The term face validity refers to the extent to which a test appears to measure what it claims to measure based on face value.
For example, a researcher may create a questionnaire that aims to measure depression levels in individuals. A colleague may then look over the questions and deem the questionnaire to be valid purely on face value.
In other words, on its surface the questionnaire seems to be constructed in such a way that it’s a good tool to use to measure depression levels.
Face validity is the most informal and subjective way to measure the validity of a test.
How to Measure Face Validity
In practice, we often measure face validity by asking multiple people to rate the validity of a test using a Likert scale.
For example, the potential responses could be:
1. The test is completely appropriate for measuring a certain construct.
2. The test is mostly appropriate.
3. The test is somewhat appropriate.
4. The test is neither appropriate nor inappropriate.
5. The test is somewhat inappropriate.
6. The test is mostly inappropriate.
7. The test is completely inappropriate.
There are three potential groups of people who could provide ratings for the face validity of a test:
1. People who take the test.
Individuals who actually take the test could provide ratings on face validity.
2. People who work with the test in some way.
Employers, university staff, coaching staff, or other individuals who work with the test in some way could provide ratings on face validity.
3. Members of the general public who are interested in the test.
Parents, teachers, school board members, city council members, etc. who are all interested in the test could provide ratings on face validity.
A test is considered to have high face validity if there is a high level of agreement among raters.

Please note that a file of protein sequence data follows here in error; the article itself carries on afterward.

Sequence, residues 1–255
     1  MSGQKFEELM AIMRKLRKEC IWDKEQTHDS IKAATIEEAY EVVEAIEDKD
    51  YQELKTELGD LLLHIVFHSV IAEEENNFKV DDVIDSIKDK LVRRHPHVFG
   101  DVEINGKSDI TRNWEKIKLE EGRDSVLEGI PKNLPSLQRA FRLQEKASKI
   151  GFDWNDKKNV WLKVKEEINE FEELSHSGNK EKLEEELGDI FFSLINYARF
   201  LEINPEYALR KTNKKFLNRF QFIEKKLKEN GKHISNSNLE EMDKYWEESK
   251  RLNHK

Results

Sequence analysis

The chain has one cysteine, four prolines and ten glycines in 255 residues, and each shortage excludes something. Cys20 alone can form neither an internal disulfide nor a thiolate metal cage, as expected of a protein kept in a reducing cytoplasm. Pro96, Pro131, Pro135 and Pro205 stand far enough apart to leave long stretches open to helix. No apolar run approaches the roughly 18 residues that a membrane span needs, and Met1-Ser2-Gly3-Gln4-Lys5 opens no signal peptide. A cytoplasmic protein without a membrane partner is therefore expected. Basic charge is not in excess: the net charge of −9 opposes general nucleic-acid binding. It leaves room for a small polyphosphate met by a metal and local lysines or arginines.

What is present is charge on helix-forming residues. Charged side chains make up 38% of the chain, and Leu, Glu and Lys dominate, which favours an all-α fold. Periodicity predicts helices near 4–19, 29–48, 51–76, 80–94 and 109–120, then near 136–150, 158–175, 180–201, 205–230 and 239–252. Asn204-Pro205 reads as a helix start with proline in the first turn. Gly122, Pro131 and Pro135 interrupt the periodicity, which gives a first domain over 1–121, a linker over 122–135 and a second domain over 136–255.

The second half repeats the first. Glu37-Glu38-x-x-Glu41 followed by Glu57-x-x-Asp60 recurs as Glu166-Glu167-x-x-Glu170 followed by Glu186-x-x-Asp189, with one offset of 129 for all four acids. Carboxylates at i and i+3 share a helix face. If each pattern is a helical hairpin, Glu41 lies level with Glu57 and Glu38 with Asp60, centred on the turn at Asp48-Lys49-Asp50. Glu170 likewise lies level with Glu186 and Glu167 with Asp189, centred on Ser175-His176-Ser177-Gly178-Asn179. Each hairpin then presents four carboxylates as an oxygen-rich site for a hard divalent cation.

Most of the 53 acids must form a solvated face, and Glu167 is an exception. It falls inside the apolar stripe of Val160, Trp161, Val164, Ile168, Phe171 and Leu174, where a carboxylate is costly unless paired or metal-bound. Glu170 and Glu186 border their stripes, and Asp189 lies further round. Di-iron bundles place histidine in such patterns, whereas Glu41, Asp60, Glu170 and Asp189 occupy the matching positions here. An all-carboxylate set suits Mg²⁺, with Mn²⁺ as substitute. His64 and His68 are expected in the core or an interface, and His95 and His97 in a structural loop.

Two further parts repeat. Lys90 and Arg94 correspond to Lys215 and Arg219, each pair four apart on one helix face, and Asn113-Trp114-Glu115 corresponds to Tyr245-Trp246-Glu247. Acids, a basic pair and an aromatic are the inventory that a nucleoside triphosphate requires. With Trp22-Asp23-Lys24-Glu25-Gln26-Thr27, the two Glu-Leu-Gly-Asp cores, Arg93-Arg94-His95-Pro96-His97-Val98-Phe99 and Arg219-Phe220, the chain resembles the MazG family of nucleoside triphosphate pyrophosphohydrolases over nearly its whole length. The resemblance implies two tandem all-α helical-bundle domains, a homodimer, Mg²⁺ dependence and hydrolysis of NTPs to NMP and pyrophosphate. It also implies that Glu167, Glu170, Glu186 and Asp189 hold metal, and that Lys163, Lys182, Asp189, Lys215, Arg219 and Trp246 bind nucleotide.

For example, if most raters say that the test or questionnaire is highly appropriate for measuring a certain construct then we would say that the test has high face validity.
Why Use Face Validity?
Face validity is a highly informal way to measure validity, but it can be useful for quickly ruling out sub-par research practices and techniques.
For example, if a questionnaire that aims to measure depression included questions such as:
- “What is your favorite color?”
- “What is your political party affiliation?”
Then we could quickly say that the questionnaire does not have face validity and likely doesn’t do a good job of measuring depression levels since the questions are irrelevant.
Thus, face validity offers a quick way to provide feedback on a test, questionnaire, or exam that doesn’t appear to measure the thing that it sets out to measure.
If a test does have face validity, we would likely go on to verify that it has more rigorous forms of validity like criterion validity, content validity, etc.
Other Types of Validity
The following tutorials provide brief explanations of other types of validity measurements: